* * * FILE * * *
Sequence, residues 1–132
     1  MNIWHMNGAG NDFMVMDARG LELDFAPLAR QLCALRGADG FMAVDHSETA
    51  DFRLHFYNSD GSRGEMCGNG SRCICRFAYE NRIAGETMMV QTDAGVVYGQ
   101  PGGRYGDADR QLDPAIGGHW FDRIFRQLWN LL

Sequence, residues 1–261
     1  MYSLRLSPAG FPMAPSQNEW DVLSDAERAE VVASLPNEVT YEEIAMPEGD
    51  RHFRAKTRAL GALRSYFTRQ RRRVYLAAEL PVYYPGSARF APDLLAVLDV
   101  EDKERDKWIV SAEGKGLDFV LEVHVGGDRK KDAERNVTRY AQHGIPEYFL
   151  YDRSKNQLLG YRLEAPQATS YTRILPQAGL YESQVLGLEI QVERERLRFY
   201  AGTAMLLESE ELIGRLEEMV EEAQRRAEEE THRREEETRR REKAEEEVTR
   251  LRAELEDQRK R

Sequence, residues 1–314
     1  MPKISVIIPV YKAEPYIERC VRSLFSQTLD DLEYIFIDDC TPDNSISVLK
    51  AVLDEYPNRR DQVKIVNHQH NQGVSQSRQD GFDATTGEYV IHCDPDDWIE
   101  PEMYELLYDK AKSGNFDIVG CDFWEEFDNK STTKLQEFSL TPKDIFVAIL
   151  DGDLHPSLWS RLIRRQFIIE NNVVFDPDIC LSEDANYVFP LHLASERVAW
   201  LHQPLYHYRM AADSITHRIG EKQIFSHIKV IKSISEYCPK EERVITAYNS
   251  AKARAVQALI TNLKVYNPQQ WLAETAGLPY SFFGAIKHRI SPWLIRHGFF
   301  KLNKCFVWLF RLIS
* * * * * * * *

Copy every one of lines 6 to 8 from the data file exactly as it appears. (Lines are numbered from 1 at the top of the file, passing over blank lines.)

     1  MYSLRLSPAG FPMAPSQNEW DVLSDAERAE VVASLPNEVT YEEIAMPEGD
    51  RHFRAKTRAL GALRSYFTRQ RRRVYLAAEL PVYYPGSARF APDLLAVLDV
   101  EDKERDKWIV SAEGKGLDFV LEVHVGGDRK KDAERNVTRY AQHGIPEYFL